If then later initial investors decide to sell their stake in the company to demanders willing to purchase the stake of the company, they can do so on the secondary market. Another important distinction between the primary and the secondary market is the pricing. Primary market prices are often set before the IPO takes place, whilst the basic forces of supply and demand determine prices in the secondary market. If the majority of investors believe a stock is likely to increase in value and rush to the market to purchase it, the stock’s price will typically rise. If a company loses favor with investors or fails to post sufficient profits, its stock price is likely to decline as demand for that security decreases.


A security is a negotiable instrument in finance that holds some type of monetary value. It represents an ownership position in a publicly via stock traded stake of a corporation, a creditor relationship with a governmental body or a corporation (represented by owning that entity’s bond), or rights to ownership as represented by an option.

The creator of these securities for sale is best known as the issuer, and those that buy them are investors. In general, securities represent an investment and a means by which municipalities, companies and other commercial enterprises can raise new capital through selling stakes in their company or lending money and pay interest on this capital. A lot of money can be funded when companies decide to go public, selling stock in an IPO, for example. Not just private companies, also cities, states or county governments can raise funds for a project by floating a municipal bond issue. Depending on an institution’s market demand or pricing structure, raising capital through securities can be a preferred alternative to financing through a bank loan.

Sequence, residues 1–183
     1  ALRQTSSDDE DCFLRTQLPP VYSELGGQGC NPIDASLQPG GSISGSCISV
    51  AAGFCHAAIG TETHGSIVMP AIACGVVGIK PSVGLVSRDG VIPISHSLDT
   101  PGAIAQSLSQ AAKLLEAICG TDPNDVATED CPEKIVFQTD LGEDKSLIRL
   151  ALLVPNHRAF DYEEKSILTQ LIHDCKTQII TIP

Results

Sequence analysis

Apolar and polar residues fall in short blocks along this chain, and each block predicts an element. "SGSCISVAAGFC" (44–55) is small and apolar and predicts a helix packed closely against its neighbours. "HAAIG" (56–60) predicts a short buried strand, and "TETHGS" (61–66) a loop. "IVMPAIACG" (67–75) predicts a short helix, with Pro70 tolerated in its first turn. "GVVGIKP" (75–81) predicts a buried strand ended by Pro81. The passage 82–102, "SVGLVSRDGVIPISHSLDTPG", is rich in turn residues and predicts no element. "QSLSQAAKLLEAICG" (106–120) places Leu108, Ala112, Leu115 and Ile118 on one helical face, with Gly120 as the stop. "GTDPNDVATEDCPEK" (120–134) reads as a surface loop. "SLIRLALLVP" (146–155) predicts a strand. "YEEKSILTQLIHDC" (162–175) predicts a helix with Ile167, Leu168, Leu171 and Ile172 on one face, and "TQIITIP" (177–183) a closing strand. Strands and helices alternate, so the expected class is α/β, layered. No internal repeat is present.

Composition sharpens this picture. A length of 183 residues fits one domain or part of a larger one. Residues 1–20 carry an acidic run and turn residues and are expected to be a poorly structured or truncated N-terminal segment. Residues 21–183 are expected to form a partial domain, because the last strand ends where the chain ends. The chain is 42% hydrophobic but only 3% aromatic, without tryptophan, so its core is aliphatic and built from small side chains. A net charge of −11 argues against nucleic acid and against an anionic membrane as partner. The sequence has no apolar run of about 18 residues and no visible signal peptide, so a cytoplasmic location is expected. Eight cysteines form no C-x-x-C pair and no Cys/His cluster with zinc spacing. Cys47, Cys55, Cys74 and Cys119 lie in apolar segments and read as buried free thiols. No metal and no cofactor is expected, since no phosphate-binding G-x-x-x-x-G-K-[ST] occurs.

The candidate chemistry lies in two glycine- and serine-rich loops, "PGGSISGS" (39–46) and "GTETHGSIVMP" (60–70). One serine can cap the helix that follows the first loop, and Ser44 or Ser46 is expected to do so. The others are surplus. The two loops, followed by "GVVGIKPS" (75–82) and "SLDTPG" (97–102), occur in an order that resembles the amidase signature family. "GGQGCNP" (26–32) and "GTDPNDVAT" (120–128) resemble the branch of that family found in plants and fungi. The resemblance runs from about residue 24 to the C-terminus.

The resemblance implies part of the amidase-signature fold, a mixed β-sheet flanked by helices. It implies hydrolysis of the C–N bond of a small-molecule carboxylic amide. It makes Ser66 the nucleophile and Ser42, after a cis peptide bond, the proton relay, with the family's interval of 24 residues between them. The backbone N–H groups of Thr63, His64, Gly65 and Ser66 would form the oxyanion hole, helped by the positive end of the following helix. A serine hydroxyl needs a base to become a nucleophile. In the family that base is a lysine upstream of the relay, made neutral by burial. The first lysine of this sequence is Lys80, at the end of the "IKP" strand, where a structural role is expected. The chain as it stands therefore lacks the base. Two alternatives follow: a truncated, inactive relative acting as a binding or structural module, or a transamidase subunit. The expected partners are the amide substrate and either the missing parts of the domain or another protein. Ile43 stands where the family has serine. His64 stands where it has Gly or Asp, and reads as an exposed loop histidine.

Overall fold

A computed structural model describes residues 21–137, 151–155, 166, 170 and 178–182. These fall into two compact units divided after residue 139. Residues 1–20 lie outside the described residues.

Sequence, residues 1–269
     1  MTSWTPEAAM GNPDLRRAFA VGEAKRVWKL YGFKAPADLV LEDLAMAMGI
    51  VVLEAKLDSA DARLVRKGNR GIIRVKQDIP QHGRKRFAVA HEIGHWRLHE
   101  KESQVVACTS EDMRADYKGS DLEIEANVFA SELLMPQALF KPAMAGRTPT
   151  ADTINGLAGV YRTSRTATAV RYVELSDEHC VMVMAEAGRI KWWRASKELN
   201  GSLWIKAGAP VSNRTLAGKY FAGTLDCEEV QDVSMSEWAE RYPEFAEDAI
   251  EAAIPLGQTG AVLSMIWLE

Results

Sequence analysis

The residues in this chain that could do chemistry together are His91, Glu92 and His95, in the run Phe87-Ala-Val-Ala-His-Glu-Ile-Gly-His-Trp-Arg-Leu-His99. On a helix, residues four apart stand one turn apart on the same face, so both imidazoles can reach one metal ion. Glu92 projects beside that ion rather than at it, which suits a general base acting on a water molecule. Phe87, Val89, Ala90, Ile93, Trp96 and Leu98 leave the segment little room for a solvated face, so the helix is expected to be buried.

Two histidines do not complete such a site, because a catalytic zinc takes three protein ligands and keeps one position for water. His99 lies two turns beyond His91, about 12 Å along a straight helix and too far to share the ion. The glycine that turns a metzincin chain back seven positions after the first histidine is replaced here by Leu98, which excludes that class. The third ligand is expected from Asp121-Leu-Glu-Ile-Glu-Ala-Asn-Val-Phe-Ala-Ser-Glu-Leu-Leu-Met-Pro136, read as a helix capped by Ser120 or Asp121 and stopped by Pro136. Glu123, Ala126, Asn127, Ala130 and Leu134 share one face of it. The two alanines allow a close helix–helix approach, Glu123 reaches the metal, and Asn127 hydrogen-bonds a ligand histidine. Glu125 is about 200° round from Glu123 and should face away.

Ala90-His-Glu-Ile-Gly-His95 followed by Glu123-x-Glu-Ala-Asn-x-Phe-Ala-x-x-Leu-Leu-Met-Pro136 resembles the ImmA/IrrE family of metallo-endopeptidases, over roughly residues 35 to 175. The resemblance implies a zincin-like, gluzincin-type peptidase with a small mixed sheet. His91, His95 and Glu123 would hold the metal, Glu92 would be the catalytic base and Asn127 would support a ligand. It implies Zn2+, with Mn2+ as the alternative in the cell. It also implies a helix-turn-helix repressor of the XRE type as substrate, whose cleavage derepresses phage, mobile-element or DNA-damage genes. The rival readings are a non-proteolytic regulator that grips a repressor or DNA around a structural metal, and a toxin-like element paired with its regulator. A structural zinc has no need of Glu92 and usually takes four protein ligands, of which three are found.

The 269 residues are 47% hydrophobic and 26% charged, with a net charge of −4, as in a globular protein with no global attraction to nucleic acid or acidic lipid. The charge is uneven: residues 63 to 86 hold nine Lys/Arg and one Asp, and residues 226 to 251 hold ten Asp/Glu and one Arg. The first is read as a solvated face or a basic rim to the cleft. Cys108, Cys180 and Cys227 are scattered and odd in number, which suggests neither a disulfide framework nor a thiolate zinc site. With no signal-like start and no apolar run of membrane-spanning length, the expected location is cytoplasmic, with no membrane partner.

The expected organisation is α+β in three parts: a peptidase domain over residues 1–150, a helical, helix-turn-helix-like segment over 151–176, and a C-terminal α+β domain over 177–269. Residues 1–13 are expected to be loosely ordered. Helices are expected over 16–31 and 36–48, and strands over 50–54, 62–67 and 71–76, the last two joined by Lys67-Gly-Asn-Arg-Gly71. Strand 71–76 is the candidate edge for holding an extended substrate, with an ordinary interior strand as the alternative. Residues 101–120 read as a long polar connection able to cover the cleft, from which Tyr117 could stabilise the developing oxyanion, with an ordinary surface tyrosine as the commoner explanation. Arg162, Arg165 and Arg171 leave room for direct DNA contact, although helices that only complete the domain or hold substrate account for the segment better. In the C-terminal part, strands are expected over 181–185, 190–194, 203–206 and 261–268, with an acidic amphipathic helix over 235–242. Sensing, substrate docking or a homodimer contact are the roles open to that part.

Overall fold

Purchasing securities with borrowed money, an act of raising funds known as buying on a margin, is a popular investment technique. In essence, a company may deliver property rights, in the form of cash or other securities, either at inception or in default, to pay its debt or other obligations to another entity. These collateral arrangements have been growing of late, especially among institutional investors.

Mostly, publicly traded securities are listed on stock exchanges in a country, where issuers of securities can seek security listings and attract investors by ensuring a moderate regulated, liquid and active market in which trade is conducted. Nowadays informal electronic trading systems have become more common and securities are traded „over-the-counter“ or directly among investors online or through a phone call to a trader.